MERLON LATIMER, 74, represents the third generation of Latimers who have lived and farmed in what is now West Valley City - and some of his children still live on 4100 South.
In front of the three Latimer houses, very close to the road, are seven imposing mulberry trees, now almost 100 years old. When the street is widened, probably sometime this summer, these grand old trees will come down.That suits Latimer just fine. He thinks they've reached their predictable longevity.
"We had quite a windstorm awhile back, and one of the limbs fell right out in the middle of the road, and it stopped the traffic, and we had to go out and clear the road. We had one split in two and fall on the shed out in back. When they get big at the base, they start to separate."
The mulberry tree is a historic Utah tree, dating back to Brigham Young and silkworms. During the 1860s, Young imported 100,000 mulberry trees from France, then ordered them planted in all parts of Utah.
Since silkworms thrive on mulberry leaves, he obtained silkworm eggs, too, investing about $25,000 in the enterprise. He even supervised the construction of a model cocoonery to house 2,000,000 worms.
George Watt was called on an LDS Church mission to spread "the gospel of silk," and the Deseret Silk Association was organized to disseminate information on the silk culture and distribute eggs. Bishops were urged to set aside a plot of ground for Relief Society mulberry trees.
Nearly every one of the approximately 150 local Relief Society organizations had a silk project during the 1870s.
By 1877, there were 5 million silk worms in the territory.
It was an especially exciting day for the women of Ogden when they presented Eliza R. Snow the first dress made entirely of Utah silk. Many fine silk dresses, handkerchiefs and other items were produced before the industry gave way to external competition.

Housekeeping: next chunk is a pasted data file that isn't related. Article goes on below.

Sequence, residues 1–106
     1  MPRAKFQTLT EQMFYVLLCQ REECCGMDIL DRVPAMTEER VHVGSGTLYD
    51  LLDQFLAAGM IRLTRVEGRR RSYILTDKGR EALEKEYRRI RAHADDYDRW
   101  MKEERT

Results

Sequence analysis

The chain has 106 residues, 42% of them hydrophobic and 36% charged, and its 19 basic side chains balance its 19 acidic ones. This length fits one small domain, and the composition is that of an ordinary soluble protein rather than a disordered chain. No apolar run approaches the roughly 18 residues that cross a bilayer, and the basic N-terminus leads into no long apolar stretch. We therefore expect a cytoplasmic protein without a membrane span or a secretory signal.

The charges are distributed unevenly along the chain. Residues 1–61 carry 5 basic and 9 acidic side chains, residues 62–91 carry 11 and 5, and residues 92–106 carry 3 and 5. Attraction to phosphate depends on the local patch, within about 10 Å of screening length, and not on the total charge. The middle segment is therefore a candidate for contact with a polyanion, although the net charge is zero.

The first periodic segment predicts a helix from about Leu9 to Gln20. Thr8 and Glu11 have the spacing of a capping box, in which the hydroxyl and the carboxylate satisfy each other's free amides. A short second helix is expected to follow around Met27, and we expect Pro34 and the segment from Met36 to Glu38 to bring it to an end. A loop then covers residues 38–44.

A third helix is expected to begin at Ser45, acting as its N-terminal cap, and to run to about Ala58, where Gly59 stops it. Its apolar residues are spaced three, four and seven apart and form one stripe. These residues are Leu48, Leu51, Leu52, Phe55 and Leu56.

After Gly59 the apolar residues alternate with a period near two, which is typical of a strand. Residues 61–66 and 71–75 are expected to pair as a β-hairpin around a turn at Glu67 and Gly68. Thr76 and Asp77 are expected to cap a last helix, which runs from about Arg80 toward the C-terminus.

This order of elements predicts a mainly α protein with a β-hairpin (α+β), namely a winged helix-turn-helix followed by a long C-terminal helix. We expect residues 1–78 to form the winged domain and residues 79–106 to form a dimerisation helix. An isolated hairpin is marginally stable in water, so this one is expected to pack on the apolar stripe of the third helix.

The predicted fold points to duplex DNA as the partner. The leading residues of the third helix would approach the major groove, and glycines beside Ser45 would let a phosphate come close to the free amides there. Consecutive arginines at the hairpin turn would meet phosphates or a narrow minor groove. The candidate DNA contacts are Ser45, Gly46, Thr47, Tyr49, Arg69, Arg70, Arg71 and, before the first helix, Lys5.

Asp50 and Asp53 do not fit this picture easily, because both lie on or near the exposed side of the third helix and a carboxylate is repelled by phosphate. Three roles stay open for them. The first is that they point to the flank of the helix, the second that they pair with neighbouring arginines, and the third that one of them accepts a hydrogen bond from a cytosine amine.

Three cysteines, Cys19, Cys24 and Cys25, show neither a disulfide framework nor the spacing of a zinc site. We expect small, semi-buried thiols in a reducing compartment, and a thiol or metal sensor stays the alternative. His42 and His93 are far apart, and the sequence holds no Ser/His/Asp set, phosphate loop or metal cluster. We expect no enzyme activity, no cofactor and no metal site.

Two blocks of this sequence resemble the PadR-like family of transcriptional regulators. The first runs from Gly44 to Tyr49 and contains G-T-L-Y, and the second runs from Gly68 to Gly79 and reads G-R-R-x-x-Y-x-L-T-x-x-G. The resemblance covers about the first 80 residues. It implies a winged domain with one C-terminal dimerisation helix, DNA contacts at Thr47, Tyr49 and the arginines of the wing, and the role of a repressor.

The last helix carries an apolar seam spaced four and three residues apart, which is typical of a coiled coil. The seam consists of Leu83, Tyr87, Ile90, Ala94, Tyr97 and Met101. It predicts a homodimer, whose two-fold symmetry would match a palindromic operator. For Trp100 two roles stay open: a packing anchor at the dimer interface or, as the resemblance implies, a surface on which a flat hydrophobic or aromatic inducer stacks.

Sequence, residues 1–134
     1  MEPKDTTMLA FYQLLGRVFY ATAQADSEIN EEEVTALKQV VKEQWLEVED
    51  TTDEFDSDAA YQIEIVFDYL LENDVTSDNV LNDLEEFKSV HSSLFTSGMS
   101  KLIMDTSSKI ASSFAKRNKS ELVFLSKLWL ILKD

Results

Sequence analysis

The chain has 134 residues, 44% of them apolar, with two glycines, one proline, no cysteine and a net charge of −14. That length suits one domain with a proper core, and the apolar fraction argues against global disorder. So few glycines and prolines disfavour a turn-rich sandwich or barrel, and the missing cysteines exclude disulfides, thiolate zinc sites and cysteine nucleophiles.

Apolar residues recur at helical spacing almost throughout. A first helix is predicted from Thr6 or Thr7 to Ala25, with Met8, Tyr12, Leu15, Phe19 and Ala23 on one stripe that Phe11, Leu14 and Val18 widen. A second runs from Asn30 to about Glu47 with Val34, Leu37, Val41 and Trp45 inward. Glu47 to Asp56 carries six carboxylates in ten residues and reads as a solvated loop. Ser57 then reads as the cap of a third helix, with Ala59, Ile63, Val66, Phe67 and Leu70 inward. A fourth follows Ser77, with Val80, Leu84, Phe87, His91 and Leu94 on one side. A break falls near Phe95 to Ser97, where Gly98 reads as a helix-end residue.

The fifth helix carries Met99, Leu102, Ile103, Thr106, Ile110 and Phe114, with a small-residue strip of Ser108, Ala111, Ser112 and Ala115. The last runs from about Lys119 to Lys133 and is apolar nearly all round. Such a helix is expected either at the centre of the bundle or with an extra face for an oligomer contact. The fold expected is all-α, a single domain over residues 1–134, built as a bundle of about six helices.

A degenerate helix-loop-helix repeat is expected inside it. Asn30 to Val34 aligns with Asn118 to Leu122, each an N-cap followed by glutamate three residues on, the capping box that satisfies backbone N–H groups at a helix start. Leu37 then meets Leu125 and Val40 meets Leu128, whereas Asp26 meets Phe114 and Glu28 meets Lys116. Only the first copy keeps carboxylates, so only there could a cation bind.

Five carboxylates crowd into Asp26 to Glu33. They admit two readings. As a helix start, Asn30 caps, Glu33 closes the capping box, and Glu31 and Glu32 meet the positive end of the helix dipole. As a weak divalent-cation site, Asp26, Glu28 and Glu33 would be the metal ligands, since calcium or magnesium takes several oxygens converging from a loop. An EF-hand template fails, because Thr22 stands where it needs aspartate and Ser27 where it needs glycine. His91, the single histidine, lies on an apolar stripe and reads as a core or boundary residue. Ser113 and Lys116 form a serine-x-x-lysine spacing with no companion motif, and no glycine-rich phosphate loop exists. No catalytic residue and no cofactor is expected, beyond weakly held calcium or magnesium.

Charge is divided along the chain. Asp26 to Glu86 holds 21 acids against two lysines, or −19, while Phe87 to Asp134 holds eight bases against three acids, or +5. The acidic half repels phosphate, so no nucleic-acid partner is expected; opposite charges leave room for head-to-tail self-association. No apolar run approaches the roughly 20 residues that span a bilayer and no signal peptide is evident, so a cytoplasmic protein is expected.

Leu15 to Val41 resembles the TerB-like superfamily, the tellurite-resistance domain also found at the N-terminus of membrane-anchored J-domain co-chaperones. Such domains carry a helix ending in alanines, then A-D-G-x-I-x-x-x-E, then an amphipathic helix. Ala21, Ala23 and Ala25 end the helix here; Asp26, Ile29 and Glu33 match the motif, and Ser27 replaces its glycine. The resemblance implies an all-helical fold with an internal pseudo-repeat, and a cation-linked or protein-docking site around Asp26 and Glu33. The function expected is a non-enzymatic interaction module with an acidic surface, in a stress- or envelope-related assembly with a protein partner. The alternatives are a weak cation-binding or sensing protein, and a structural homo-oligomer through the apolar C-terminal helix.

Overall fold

Silkworms were also on the mind of Latimer's grandfather, James, who worked on the railroad between Salt Lake City and St. George. He liked the mulberry trees in St. George and thought he could plant some on 20 acres of Granger farmland.
His son, Hugh, wrote about it in his book of remembrance:
"Soon after we moved to Granger, Father bought some young mulberry trees, with the idea of raising silkworms. I helped him plant the small trees across the front of the property, down the west side and around the house. One day, I used one for a stick horse, and it made Father so mad that he whipped me. . . . They were the only mulberry trees in the whole area, and people came from all over to get the berries. Father never got around to raising silkworms, but the trees grew to become big and beautiful, and made good shade trees, but what a mess when the dark, purple berries were ripe."
Merlon Latimer says the old trees still "leaf up and look pretty good in the spring" and the berries are excellent for jam.
Which may be why many people still like them.
According to Bill Rutherford, Salt Lake City forester, "Local nurseries still sell quite a lot of them, even though they represent only about 1 percent of the total trees in the city."
When mulberry trees split and crack, he says, it is usually because of a lack of care.
However steady the decline of this sentimental tree, there is one place in the state where it still looks great - in front of Brigham Young's St. George home.
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